Previous Egyptian regimes had invested precocious resources to demonize any Egyptian Muslim with a political preference that didn’t venerate the regime. They demonized the Islamists in ways that reduced them to the level of sub-humans in the eyes of the ruling class. Many of the liberal and socialist forces that took part in the Jan 25 revolution grew up knowing no other discourse except seeing political Islam as evil that must be defeated. That discourse was strengthened after the signing of the Camp David Accords in the late 1970’s, for Israel was no longer the enemy, and the enemy were those who dared protest Egypt’s pro-US and pro-Israel policies.

Culture doesn’t change overnight. Collective thinking is not switched off and on with the press of a button. The fact is that the dominance of the Islamic narrative in post-revolution Egypt terrified those who became accustomed to the marginalization of political Islam. It was to the extent that the temporary alliance between the poor and the middle class was done with, in favor of a sinister alliance with the forces allied with the last regime, including the military. The combination was deadlier than any other time in Egypt’s modern history. Thousands of people fell dead and wounded in a few hours on August 14 starting with a crackdown on Rabia Al-Adawiya’s Square. The mosque was set ablaze. The depravity of the violence that followed, hailed by liberals and socialists, as well as regime supporters as a victory for democracy, is indescribable.

But as bloody and heart-wrenching as the last few days in Egypt have been, a sense of clarity finally prevailed. The Jan 25 revolution, inspiring as it was, left numerous questions unanswered, and presented the military with the opportunity to break away from the Mubaraks and re-brand itself as the protector of the nation. But real democracy proved too much for the military and the layers of corrupt political and economic elites it represents. Now, the rosy image of a peaceful revolution guided by its military to achieve a better tomorrow is over: the masks have all been lifted and the reality is much uglier than previously thought. Egypt’s real struggle for freedom and political definition is just starting.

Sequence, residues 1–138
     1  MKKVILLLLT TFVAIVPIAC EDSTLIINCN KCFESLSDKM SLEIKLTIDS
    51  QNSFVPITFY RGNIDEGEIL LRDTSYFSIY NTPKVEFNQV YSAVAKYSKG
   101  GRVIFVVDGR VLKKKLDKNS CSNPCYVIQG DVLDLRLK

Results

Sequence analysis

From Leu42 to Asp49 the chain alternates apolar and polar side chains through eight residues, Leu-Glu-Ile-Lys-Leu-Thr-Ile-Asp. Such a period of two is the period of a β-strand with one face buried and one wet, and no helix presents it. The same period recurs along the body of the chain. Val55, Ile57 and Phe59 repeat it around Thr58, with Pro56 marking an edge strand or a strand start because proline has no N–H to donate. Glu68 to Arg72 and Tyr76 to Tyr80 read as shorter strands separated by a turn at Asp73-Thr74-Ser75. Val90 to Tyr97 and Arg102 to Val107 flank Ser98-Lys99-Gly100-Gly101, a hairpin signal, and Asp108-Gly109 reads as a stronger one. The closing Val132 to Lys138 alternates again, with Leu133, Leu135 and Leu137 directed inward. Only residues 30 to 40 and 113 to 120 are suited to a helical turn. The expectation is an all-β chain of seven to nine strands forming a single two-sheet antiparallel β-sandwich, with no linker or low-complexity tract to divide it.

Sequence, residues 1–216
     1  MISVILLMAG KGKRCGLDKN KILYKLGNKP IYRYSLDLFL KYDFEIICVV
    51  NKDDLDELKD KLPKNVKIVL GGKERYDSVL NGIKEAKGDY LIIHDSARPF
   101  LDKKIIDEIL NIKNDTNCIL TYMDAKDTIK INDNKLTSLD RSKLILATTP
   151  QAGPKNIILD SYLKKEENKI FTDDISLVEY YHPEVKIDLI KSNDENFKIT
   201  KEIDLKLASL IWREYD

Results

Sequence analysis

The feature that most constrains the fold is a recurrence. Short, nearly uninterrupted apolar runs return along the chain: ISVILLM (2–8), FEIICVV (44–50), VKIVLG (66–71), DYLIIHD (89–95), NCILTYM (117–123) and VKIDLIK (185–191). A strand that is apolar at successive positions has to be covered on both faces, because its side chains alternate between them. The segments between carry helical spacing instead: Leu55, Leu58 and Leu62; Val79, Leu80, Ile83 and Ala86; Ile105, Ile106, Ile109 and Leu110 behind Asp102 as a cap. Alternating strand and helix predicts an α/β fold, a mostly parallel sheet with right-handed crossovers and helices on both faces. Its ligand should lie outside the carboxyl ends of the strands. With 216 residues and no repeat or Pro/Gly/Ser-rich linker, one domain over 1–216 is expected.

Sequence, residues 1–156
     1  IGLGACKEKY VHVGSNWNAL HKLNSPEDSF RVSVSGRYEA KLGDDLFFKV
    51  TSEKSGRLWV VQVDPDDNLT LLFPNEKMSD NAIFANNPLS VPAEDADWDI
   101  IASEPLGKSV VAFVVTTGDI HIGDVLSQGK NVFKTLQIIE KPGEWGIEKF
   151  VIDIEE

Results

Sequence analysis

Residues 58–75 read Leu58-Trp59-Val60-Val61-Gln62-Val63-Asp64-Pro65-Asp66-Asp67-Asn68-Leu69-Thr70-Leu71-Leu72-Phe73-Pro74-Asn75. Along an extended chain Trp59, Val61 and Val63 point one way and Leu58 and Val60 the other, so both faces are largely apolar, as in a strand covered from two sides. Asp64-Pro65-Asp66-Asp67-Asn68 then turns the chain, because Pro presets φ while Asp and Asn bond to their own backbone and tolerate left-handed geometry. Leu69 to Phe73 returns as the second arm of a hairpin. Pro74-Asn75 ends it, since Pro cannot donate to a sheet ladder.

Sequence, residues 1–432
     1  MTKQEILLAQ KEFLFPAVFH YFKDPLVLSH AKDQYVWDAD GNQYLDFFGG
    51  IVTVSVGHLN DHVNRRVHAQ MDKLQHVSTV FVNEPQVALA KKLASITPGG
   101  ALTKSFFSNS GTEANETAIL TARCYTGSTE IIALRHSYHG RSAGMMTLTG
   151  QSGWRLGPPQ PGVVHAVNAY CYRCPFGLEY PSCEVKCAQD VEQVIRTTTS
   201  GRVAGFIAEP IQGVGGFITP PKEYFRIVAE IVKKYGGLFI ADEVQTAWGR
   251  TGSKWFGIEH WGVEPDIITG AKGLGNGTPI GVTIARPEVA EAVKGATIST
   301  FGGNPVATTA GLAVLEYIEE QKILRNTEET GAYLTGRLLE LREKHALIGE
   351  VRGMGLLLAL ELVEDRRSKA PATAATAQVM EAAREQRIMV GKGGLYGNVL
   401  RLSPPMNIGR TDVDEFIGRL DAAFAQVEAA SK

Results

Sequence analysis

Rabia’s 12- centuries- old legacy will not vanish even after the mosque was burnt. Many of the dead were witnessed and filmed raising their forefingers to heaven in one last prayer as they let go of their last breath. The images from Egypt were gory to say the least, but the faith of Egyptians remains strong.

Ramzy Baroud is editor of PalestineChronicle.com. He is the author of The Second Palestinian Intifada: A Chronicle of a People’s Struggle  and  “My Father Was a Freedom Fighter: Gaza’s Untold Story” (Pluto Press, London).

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Ramzy Baroud is a journalist, author and editor of Palestine Chronicle. His latest book is The Last Earth: A Palestinian Story (Pluto Press, London, 2018). He earned a Ph.D. in Palestine Studies from the University of Exeter and is a Non-Resident Scholar at Orfalea Center for Global and International Studies, UCSB.